Browsing Tag

New York Yankees

Career Killers: “Results May Vary” by Limp Bizkit

What was the talk of this year’s Lollapalooza festival? Was it the fact that it was the first big rock concert in Chicago since COVID-19 restrictions were lifted? Was it whether the proof of vaccination/negative test requirement for entry would be effective in preventing the show from turning into a super spreader event? (So far, it looks like it has been successful in that regard.)

No. It was Limp Bizkit seemingly replacing frontman Fred Durst with either his dad or an extra from the Beastie Boys’ “Sabotage” video.

Gone was the trademark red Yankees cap. In its place was a thick hat of gray hair that made people wonder whether or not it was a wig. Throw in the long grey handlebar mustache and sunglasses and he looked like he was wearing a disguise — as if he were in witness protection or something.

The consensus: He kind of pulled it off. The other consensus: Limp Bizkit were reasonably well received by attendees and live stream viewers, most of whom probably hadn’t heard of them since “Nookie.” As such, in the days following the show, the band’s back catalog saw a nice spike in sales and steaming numbers. Keep rollin’ rollin’ rollin’, indeed.

Of course, there was a reason why he seemed so unrecognizable. Once reliable hitmakers and a ubiquitous presence on MTV, Limp Bizkit has been long forgotten about and reduced to a punchline — a much maligned footnote from a bygone era when nu metal was so popular, even established superstars like Metallica tried it.

This is the album that started Limp Bizkit’s decline.

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Career Killers: “St. Anger” by Metallica

It’s been said that great art comes out of great suffering or adversity. Eric Clapton produced his masterpiece, Layla and Other Assorted Love Songs while nursing a crippling heroin addiction and hopelessly in love with his best friend’s wife. Francis Ford Coppola had a nervous breakdown and allegedly threatened to kill himself multiple times while filming his classic film, Apocalypse Now. Ludwig van Beethoven composed some of his best and most-admired works after going deaf and while suffering from terrible health problems. Vincent van Gogh was, perhaps, the archetype of the tortured artist, battling mental illness for most of his career (including the infamous episode where he cut off his own ear) and produced some of the most beloved paintings in history.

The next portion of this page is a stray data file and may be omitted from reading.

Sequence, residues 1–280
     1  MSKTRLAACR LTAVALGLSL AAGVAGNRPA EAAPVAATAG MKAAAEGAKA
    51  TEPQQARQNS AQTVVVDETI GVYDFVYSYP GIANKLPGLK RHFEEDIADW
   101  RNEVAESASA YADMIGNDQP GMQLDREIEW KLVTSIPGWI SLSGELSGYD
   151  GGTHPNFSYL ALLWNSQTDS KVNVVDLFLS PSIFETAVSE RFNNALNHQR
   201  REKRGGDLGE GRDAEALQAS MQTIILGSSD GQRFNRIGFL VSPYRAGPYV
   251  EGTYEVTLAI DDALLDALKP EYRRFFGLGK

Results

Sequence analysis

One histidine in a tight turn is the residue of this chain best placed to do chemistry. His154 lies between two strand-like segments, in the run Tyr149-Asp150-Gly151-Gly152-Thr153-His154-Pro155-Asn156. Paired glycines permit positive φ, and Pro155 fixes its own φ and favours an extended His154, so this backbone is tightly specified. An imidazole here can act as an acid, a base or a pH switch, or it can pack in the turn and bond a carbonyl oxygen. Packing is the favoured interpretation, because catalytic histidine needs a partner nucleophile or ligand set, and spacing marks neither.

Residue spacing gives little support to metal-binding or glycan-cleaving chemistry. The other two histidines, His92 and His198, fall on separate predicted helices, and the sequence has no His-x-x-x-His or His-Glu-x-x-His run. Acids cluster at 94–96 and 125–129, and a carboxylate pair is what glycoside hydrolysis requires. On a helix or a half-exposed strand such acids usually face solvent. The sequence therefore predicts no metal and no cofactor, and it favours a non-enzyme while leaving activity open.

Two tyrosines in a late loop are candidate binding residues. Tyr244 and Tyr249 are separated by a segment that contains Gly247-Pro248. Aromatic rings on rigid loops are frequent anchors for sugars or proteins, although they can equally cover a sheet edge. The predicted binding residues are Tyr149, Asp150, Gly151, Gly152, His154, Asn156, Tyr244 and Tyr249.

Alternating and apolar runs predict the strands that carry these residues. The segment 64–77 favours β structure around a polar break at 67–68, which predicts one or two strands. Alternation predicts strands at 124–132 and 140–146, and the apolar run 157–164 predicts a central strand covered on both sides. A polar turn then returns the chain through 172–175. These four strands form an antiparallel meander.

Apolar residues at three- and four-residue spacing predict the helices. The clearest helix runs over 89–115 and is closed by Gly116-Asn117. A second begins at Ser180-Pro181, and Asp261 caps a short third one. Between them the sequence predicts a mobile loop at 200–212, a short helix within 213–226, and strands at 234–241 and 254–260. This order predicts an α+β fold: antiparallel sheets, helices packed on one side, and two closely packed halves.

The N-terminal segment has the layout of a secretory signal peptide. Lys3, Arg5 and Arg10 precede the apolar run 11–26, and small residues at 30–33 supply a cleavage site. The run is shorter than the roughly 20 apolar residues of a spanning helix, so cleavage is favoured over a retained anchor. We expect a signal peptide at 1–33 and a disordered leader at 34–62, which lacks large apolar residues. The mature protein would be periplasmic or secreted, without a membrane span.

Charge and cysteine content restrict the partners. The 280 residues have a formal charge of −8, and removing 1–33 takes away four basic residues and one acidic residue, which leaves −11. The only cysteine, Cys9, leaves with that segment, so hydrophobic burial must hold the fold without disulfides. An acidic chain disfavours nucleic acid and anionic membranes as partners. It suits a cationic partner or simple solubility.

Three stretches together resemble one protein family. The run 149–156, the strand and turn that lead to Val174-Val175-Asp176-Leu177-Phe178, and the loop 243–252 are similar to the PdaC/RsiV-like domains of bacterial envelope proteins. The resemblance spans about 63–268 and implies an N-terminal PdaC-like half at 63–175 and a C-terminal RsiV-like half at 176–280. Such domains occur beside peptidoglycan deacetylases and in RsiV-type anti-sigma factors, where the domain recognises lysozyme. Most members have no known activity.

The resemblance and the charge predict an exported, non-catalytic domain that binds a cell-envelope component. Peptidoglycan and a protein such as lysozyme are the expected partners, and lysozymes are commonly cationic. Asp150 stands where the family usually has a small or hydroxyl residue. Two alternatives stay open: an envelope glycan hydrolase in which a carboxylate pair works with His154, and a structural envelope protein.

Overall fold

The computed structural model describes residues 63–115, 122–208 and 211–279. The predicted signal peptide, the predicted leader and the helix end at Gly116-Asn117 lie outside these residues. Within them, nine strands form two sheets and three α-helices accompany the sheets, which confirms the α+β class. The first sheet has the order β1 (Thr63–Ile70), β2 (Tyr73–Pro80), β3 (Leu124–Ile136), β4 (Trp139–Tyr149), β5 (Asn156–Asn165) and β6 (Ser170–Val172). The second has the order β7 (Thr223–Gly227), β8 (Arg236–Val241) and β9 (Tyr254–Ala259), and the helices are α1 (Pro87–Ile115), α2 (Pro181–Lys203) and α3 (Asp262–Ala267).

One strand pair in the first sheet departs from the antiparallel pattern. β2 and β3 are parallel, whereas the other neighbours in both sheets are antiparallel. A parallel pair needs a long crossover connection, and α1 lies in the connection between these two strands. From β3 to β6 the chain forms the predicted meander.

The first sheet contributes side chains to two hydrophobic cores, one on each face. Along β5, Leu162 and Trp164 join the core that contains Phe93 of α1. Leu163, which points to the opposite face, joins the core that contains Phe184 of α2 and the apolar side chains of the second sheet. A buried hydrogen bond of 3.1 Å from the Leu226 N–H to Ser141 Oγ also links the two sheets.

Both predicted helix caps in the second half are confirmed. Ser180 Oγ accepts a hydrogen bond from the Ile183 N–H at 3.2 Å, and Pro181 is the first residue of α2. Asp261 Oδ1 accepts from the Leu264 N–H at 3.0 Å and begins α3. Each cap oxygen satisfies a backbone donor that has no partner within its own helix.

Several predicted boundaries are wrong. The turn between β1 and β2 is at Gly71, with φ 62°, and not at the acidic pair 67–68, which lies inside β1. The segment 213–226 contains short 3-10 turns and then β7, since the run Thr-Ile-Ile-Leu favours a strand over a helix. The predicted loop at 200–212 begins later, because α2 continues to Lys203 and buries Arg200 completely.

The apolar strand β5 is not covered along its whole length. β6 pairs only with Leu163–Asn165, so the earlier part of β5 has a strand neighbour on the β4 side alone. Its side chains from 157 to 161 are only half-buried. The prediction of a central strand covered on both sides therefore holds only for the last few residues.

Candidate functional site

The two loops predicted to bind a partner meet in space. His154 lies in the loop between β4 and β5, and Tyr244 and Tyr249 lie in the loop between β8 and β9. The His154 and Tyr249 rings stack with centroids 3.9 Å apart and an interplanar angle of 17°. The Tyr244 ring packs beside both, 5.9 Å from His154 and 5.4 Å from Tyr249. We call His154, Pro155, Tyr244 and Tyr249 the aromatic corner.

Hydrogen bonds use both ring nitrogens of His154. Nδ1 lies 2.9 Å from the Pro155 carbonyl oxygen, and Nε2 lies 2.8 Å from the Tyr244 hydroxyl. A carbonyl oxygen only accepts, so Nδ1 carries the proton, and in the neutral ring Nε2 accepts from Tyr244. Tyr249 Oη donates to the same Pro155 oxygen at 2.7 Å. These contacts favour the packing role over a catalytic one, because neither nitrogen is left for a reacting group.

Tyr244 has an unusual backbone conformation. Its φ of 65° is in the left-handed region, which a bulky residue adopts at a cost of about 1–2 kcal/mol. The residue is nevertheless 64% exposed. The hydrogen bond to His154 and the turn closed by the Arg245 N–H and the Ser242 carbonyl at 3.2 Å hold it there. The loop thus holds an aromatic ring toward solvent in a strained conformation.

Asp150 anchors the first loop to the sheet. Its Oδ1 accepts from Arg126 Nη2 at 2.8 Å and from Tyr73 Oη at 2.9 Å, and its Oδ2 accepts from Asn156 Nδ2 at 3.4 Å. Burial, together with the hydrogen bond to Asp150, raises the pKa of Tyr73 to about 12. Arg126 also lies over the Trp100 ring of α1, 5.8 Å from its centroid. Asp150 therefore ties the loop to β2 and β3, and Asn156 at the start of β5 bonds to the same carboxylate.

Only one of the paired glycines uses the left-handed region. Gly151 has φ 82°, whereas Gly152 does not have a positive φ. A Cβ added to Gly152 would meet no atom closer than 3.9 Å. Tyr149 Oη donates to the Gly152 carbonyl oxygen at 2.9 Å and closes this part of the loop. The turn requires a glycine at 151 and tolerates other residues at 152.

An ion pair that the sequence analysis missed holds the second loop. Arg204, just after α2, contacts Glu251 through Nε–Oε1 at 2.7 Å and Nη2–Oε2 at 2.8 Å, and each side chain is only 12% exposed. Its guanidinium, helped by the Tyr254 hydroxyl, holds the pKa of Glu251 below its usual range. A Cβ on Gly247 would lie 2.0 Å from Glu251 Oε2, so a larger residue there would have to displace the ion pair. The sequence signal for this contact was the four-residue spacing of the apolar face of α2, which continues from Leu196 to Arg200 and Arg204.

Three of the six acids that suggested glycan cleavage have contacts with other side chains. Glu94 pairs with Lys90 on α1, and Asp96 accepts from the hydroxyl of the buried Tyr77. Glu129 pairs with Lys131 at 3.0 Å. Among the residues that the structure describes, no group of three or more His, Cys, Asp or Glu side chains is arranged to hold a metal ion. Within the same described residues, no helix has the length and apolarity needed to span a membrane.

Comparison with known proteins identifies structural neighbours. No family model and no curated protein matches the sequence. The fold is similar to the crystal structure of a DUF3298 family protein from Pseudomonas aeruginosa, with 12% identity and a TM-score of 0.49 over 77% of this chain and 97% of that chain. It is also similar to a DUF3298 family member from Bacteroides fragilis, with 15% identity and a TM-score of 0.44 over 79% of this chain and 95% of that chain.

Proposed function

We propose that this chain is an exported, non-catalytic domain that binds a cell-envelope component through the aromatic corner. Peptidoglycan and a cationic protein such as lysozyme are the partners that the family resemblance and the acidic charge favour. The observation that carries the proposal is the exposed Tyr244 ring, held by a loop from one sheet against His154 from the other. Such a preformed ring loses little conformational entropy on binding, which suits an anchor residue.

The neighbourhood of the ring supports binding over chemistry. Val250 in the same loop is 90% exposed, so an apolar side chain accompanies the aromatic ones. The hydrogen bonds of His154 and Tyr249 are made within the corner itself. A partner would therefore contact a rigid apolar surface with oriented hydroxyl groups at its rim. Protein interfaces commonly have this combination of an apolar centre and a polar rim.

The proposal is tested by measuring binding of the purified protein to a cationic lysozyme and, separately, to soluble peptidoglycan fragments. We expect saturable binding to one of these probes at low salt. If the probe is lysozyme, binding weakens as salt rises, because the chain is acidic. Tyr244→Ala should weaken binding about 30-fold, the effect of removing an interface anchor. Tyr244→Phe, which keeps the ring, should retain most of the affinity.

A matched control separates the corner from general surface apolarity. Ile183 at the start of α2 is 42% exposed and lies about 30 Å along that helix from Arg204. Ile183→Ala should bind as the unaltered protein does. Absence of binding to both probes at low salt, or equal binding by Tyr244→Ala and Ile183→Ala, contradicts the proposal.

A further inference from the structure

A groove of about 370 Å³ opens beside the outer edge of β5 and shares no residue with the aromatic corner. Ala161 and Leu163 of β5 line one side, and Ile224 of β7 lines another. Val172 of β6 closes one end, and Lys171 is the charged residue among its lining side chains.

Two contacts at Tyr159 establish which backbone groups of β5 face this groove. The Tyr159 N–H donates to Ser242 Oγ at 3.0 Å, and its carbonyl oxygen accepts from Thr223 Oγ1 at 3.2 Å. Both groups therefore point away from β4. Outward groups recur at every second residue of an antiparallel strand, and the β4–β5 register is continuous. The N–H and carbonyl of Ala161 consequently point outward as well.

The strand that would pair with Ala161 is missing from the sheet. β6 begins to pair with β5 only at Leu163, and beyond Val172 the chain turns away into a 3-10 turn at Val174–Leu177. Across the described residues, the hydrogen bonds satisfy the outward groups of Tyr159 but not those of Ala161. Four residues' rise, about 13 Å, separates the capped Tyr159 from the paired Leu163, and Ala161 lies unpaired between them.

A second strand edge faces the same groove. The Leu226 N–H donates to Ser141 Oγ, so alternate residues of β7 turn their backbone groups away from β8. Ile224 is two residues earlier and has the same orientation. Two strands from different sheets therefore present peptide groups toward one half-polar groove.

Of course, sometimes, great suffering or adversity ends up producing crap – crap so bad that the artist is never quite the same afterwards. Case in point: St. Anger by Metallica.

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Pirates Impressed with Crystal, Sign Comedian to Multi-Year Contract

From the Archives: I wrote this satirical piece in March 2008 after the Yankees signed Billy Crystal and played him in a spring training game against the Pirates. I remembered thinking that Crystal could have made Pittsburgh’s active roster. Considering some of the stiffs they’ve had in the last few years (Jeromy Burnitz, Matt Morris, Derek “Operation Shutdown” Bell), Crystal couldn’t have been any worse.